#Review: Scream

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What’s your favourite scary movie? If you grew up in the 90s it might just be the horror Scream which subverted the genre and created its own identity within it. Now 26 years on and several sequels of varying success a crop of new pretty teen heads are on the chopping block in Scream.

This latest story follows Sam (Melissa Barrera) who heads back to Woodsboro after her estranged sister is almost killed by a new Ghostface. The reason for this Ghostface’s appearance is quite an intimate one for Sam and she will have to confront her past to beat this latest individual who has taken on the mantle of the infamous Ghostface.

Scream revisits the past while trying to tell a compelling present

Scream is a strange film. There is a lot of connections with this in the previous films. It actually feels more like a long-running series on the CW rather than a cinematic story. Now that the older characters have moved on we’re introduced to a new group of teens and they’re not as engaging as some of the wild characters we’ve met in previous entries. There is no over the top Stu Macher with his tongue hanging out like some kind of cartoonish monster. Though there are decent death scenes there are only a few that merit note.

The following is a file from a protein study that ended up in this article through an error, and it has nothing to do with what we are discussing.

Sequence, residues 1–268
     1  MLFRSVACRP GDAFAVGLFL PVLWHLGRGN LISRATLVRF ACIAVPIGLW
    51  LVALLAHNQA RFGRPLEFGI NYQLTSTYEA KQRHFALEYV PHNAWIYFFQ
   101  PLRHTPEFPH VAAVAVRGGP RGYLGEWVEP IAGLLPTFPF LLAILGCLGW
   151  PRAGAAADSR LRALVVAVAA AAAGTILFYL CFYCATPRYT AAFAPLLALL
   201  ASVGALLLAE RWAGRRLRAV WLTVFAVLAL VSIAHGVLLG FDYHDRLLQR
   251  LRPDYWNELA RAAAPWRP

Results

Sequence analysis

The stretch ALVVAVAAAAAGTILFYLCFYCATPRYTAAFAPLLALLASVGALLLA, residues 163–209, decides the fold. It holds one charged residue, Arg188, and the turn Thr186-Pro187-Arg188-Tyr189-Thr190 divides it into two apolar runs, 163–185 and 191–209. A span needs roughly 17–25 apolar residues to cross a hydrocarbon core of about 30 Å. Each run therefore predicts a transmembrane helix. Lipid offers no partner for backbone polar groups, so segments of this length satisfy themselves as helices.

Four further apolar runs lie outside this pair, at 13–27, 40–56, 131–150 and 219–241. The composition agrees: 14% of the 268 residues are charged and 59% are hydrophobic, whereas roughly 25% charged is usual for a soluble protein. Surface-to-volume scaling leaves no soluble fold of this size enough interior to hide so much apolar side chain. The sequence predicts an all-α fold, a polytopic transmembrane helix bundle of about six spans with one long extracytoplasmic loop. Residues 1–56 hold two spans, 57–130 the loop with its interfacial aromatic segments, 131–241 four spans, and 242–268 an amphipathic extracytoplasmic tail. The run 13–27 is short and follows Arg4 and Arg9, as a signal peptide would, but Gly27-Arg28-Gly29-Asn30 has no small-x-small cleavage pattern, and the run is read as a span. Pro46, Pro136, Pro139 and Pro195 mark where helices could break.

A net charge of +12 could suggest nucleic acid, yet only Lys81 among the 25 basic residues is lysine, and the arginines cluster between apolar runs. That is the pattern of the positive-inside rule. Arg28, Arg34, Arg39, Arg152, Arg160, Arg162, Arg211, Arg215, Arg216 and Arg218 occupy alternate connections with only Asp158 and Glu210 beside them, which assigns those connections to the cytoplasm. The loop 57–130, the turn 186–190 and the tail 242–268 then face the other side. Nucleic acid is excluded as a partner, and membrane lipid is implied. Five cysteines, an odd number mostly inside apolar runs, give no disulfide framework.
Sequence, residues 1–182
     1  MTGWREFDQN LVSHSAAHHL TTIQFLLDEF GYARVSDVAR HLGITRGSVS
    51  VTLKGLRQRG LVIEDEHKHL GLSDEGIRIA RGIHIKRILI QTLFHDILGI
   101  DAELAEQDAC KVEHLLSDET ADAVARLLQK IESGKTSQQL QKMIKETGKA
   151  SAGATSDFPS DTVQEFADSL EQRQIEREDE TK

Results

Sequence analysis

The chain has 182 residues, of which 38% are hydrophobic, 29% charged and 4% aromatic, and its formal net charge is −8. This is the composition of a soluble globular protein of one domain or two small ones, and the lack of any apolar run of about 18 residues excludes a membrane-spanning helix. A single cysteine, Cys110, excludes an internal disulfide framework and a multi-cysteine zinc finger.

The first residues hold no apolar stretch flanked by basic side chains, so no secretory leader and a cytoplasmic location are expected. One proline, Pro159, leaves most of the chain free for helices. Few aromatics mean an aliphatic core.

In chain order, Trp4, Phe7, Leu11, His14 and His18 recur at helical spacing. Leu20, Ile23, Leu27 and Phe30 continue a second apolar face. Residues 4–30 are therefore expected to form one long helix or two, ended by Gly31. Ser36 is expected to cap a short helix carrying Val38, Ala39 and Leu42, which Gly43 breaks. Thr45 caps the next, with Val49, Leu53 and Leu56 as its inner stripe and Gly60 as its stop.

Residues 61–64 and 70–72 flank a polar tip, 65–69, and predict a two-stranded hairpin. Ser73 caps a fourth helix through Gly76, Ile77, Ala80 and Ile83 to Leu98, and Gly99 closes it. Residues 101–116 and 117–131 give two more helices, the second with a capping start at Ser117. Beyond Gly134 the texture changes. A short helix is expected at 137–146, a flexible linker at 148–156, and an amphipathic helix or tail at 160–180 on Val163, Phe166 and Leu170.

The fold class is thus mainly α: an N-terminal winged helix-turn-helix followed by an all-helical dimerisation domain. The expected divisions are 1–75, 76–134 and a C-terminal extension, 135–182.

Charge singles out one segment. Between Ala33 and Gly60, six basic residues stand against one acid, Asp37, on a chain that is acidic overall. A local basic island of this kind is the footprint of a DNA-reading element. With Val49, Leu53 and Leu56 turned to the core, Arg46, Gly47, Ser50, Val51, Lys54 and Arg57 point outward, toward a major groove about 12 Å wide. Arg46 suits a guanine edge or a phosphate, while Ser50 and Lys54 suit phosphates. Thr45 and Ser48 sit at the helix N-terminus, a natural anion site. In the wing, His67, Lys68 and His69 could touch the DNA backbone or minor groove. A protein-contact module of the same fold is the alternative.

Thankfully highlights of the film include David Arquette who reprises his longstanding role as Dewey. He is to me the best character in the whole film. Arquette is giving it his all and brings a lot of emotion with him with his interactions with the new cast as well the history he has with Neve Campbell’s Sidney and Courteney Cox’s Gale.

Along with him is Jack Quaid who plays Richie. Richie is Sam’s boyfriend and he is new to the world of Woodsboro and its checkered history. Watching him learn the rules and try to stay alive is easily one of the most enjoyable parts of the film. I may be biased though with the fact that Quaid is still channelling that Hughie energy from The Boys as well as that Boimler (Star Trek: Lower Decks) scream whenever he’s scared.

I wish I could say the same though for Sidney and Gale who feel like extended cameos more than characters in this film. They arrive into the film at a certain point and it feels somewhat forced which is a shame. Not only that the film telegraphs everything. In the previous films, there was smart writing and foreshadowing that helped astute observers possibly figure out the killer. In this latest entry, it feels far more amateurish.

This may have to do with the fact that original writer Kevin Williamson is not onboard for the writing duties. It’s a similar reason why I thought the third entry of Scream wasn’t as good because, in my opinion, Williamson knows these characters and this world they live in better than anyone.

Ultimately Scream is a mixed bag, there were elements that I genuinely enjoyed. They involved the majority of the kills, one in particular in a hospital and some of the cast rising above the rest. Sadly though the writing just isn’t there a lot of time. It feels forced compared to previous films.

Scream is a lot of fun for hardcore fans of the franchise but for anyone else it may be a miss at the cinemas. Stay tuned to Scannain for more news, reviews and interviews.